Opinion

Tuesday, Jun 25 2013 12:00 AM

How communities shoot themselves in the foot

We are all frustrated with the waste of our tax dollars at the state and federal level. But to take this frustration out on a local police agency is wrong.

Stallion Springs measure "B" was supported by 59 percent of the vote but was defeated because it did not reach the two-thirds majority required by law. The measure made a reasonable request for $120 per year per parcel to fund two addition police officers -- that's $10 per month, a visit to Starbucks.

To claim that the Stallion Springs police department is understaffed is an understatement. The only reason the SSPD functions at all is because of the dedications of its three police officers. Twelve hours shifts followed by 12 hours of "on call," meaning that they cannot leave the community. This goes on seven day a week. Factor in vacation, training, sick and court time and you have a very difficult situation.

When most people leave work, that's it for the day, they can go and do as they wish. Not so with the SSPD.

Opponents to the tax increased claimed that the crime rate doesn't justify the number of officers asked for. The fact that the crime rate is low is a credit to the dedicated officers who work tirelessly to keep it low, but times are changing and we live in a more dangerous world. You can't expect to continue to enjoy this low crime rate as prison realignment puts more criminals on the street. They will look for the soft targets -- communities with understaffed police departments.

Stallion Springs is a very proactive community, having both Community Emergency Response Teams (CERT) and Neighborhood Watch programs. But these programs are only as good as the first responders' ability to follow up. It is sad that a small minority feels that it is their responsibility to determine the level of public safety the community shall have.

In the scheme of things the cost is inconsequential when compared to what we send to Sacramento and Washington. With Measure B, every cent would remain in the community.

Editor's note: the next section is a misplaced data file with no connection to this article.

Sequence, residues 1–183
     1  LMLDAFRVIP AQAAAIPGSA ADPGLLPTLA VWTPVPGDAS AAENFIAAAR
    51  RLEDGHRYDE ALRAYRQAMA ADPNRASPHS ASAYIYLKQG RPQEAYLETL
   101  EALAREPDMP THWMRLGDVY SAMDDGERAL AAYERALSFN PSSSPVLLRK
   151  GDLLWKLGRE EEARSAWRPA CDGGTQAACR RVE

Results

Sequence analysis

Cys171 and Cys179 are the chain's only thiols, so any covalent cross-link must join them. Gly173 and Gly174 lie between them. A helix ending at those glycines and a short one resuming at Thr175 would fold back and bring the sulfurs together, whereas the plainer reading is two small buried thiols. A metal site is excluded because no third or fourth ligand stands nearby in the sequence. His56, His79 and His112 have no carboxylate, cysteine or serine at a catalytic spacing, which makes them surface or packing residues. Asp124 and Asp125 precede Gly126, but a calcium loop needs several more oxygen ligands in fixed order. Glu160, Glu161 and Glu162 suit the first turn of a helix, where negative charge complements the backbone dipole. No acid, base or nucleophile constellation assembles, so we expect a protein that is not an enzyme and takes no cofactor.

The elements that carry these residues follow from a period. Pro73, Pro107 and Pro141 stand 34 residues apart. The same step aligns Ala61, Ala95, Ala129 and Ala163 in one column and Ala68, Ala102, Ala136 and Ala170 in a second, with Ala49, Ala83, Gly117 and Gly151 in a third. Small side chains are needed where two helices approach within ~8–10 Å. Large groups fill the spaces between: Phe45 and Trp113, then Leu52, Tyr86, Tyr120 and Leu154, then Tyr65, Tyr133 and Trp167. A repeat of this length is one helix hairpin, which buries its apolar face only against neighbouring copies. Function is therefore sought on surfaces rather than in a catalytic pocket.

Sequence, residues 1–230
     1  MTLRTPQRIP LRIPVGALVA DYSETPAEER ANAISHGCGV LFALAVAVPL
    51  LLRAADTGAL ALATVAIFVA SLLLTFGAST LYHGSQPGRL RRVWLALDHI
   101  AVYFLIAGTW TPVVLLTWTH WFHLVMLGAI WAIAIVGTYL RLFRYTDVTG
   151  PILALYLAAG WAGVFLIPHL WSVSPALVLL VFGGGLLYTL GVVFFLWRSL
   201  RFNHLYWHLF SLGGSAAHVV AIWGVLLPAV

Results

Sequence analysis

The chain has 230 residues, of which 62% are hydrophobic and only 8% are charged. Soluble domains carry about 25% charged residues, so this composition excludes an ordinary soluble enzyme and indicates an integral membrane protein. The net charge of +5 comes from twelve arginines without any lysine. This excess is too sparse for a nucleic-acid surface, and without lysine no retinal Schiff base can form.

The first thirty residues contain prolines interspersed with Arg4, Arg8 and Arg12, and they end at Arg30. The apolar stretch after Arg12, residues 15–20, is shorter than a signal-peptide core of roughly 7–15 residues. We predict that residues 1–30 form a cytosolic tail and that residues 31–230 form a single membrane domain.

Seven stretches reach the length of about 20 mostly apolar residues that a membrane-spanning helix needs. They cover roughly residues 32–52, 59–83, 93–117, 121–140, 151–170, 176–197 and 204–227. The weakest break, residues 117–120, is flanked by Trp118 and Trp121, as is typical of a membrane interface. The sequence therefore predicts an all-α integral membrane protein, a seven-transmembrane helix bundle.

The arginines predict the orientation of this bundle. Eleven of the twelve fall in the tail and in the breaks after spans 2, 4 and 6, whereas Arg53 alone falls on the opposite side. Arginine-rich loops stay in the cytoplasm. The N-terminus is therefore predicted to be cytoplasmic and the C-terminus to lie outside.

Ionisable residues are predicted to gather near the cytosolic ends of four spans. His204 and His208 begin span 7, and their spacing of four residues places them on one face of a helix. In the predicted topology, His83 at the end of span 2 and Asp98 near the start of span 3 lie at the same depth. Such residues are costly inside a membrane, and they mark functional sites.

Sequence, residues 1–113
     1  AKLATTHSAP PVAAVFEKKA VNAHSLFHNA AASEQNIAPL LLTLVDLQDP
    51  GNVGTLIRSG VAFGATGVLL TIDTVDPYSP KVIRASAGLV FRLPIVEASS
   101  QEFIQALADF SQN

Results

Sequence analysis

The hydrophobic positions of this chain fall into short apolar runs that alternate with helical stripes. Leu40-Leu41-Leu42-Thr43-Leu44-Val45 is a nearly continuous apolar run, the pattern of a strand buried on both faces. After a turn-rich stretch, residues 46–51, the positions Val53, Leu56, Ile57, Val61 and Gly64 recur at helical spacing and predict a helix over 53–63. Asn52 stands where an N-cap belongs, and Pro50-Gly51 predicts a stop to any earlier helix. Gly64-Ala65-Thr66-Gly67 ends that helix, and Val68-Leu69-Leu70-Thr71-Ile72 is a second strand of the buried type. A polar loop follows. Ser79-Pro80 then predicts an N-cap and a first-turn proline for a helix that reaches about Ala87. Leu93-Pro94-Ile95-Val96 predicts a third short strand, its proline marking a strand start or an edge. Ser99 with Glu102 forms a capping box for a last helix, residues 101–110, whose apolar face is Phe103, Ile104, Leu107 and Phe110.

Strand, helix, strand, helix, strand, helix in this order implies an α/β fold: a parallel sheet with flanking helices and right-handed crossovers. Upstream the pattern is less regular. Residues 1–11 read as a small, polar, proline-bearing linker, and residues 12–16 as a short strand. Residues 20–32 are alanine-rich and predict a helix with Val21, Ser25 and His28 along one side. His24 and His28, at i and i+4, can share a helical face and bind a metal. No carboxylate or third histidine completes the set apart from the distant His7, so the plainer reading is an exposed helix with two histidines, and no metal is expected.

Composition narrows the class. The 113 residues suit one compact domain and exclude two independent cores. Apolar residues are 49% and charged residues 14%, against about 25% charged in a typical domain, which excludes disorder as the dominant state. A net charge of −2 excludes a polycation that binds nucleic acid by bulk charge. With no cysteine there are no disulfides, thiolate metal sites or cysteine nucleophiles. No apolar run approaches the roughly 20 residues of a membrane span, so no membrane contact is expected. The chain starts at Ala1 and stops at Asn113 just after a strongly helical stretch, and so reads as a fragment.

This propensity to shoot ourselves in the foot isn't just endemic to Stallion Springs. Bear Valley Springs, the community I live in, does the same thing to itself. Rejecting locking mail boxes so we are the main target for mail and identify theft. Refusing to add a mere $40 to the police tax that would prevent the need to dip into the dwindling reserves. And creating a climate of frugality that belies any chance of getting the needed funds to fix our roads.

The vocal minority stands in the way of progress in the name of saving money in the short run while the crumbling infrastructure erodes the value of our properties in the long run. We both limp into an uncertain future with latte in hand.

At a recent meetingn Bear Valley Police Chief Walters stated that the BVPD and the SSPD would be working closely together, sharing training opportunities, and providing backup and coverage when needed to the mutual benefit of both communities. In answer to the inevitable critic who will ask, "why should BV be helping SS?" The simple answer is, "that's what neighbors do."

JIM NELSON invites anyone who would like to learn more about the CERT concept of "neighbor helping neighbor" to sign up for notification of the next CERT training class by calling him at 821-5205.

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